Pros:great sound reproduction, blocks noxious noises
Cons:bulky, not compact
The Bottom Line: Block unwanted noise on your next economy-class flight and get excellent sound from your MP3 player with a set of Able Planet Sound Clarity Noise-Canceling Headphones. You'll be glad. Huh?
A twelve-hour flight sardined into a "cattle-car class" seat some years ago convinced this traveler to never again suffer through the experience without noise-canceling headphones. And it won't: yours truly bought some Able Planet Sound Clarity Headphones (NC500SC) with "Linx Audio" noise-canceling technology. They'll really earn their pay on my upcoming fifteen-hour cattle-car class flight. Fifteen hours both ways (whimper...)
Recommend this product?
Sound Clarity Headphones combine active and passive noise cancellation in a bulky design that resembles '60s-era Sennheisers. A padded headband connects large silver-and-black earpieces with softly-cushioned ear cups that cover the entire ear; no wiring is exposed. A discrete switch on the left 'phone controls active noise-canceling circuitry, and a jack on the lower rim accepts a 3.5mm plug for input. A green LED informs user (or flight attendant) that the device is activated.
In passive mode, the headphones are at least as good as over-the-counter ear plugs for reducing ambient noise; but in active mode they slice off about 85% of engine noise, screaming-infant noise, and other intrusive sounds. They've proven excellent for flying, and are also good for blocking conversation and other background noise in shared offices, workrooms, etc. The cancellation effect is good enough that I've had to brush up on my lip-reading skills.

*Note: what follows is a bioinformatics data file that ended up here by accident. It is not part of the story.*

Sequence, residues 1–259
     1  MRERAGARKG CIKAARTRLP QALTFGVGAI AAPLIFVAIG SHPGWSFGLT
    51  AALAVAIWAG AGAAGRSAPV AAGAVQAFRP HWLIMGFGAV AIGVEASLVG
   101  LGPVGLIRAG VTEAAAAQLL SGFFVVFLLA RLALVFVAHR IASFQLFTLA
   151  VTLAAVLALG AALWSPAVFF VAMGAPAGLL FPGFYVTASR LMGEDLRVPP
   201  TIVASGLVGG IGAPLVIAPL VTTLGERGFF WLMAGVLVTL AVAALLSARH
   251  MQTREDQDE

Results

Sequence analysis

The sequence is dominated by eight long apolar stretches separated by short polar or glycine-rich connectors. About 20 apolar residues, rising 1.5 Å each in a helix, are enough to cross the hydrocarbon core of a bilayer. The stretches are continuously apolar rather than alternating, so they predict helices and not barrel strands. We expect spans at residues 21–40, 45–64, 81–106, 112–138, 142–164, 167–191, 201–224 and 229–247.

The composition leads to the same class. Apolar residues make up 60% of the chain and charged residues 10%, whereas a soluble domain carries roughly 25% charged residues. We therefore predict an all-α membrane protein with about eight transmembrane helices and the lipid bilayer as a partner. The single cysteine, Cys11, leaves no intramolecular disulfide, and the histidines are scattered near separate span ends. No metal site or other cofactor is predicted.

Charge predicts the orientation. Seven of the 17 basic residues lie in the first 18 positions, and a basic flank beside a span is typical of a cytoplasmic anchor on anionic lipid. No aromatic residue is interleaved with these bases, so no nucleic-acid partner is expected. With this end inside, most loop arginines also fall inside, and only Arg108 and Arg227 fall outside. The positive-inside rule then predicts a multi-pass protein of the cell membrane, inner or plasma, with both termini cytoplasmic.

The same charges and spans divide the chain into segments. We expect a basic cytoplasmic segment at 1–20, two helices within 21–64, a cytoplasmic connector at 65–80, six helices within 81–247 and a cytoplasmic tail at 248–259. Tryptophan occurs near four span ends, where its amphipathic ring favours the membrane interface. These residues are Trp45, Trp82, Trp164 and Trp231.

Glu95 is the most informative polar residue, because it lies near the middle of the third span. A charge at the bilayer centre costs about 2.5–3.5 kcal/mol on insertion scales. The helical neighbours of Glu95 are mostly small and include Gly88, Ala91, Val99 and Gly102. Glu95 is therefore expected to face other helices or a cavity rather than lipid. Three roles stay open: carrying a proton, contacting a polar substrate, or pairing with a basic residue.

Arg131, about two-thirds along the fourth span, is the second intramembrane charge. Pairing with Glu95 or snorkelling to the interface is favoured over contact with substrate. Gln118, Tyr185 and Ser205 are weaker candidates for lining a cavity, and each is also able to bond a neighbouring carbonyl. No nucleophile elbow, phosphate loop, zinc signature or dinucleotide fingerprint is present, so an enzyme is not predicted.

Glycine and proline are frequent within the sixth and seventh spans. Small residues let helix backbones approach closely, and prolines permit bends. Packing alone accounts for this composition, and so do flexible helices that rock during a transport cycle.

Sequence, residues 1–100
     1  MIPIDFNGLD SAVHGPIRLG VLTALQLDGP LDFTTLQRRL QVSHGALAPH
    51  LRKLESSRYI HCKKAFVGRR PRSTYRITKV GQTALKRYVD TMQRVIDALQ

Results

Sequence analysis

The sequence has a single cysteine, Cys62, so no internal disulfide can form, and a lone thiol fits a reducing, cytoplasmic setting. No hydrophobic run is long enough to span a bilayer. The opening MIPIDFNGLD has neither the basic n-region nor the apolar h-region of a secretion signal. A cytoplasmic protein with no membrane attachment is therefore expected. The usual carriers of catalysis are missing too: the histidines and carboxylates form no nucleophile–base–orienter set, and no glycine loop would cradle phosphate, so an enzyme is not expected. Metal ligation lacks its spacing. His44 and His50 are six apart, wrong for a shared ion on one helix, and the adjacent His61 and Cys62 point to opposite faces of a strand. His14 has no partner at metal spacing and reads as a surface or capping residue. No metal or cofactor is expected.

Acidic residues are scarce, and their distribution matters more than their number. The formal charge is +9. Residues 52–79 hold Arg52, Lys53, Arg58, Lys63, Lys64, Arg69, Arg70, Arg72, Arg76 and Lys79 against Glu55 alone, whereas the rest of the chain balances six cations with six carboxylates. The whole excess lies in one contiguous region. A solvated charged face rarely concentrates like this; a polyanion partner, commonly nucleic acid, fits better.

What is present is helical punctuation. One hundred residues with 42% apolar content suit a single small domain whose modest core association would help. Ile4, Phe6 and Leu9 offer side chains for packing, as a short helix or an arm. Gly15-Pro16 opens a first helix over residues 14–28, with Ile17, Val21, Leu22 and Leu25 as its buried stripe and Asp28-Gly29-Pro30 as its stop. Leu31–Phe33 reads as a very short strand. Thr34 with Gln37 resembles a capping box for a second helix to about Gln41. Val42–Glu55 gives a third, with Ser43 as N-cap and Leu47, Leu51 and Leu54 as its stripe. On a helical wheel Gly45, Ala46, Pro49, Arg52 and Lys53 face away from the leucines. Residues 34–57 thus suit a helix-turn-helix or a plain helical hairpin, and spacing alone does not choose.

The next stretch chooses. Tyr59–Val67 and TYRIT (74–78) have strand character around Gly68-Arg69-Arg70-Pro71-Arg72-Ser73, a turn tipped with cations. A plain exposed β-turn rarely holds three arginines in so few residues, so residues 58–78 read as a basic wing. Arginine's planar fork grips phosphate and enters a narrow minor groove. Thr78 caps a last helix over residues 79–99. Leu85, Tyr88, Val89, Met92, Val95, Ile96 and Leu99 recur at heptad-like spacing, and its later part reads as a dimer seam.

For music, Sound Clarity Headphones offer a wide dynamic range (20Hz-20KHz), good enough that I hear bass in my music I didn't know was there (I lost my high-freq hearing decades ago). With noise-cancellation turned on, the music experience is everything one buys good headphones for (and considerably louder than with the cancellation off). I've experienced no distortion and no static; though I have heard B B King's calluses sliding on Lucille's strings.
On the downside, the headphones are rather bulky: though the cushioned ear cups are definitely comfy, curling up and snoozing with them on takes some adjustments. Sound conduction from direct contact with hard objects defeats the NC circuit, as does blocking the small holes covering the microphones.
Able Planet ships the Sound Clarity with a five-foot detachable cord with in-line volume control. They toss in two AAA batteries, a 3.5mm-to-1/4" adaptor and a dual-plug airplane adapter. The earpieces swivel for increased comfort and to fit into the carrying case. Unlike some 'phones, this design doesn't fold. The zippered case (about 7"x8"x2") includes a small net storage compartment for a spare pair of batteries and the adapters; there's additional storage large enough for the cord and an MP3 player under an elastic band that secures the 'phones. The batteries are supposed to last about thirty hours: I've never timed them, I must admit.
My set came without user's manual or instructions (good thing the battery compartment is marked), and I find no documentation at ableplanet.com, either. While reading the package at the store, I almost passed because the blurb promises full rich "base" sounds; but I decided not to punish them for poor proofreading. I'm glad I let it slide.
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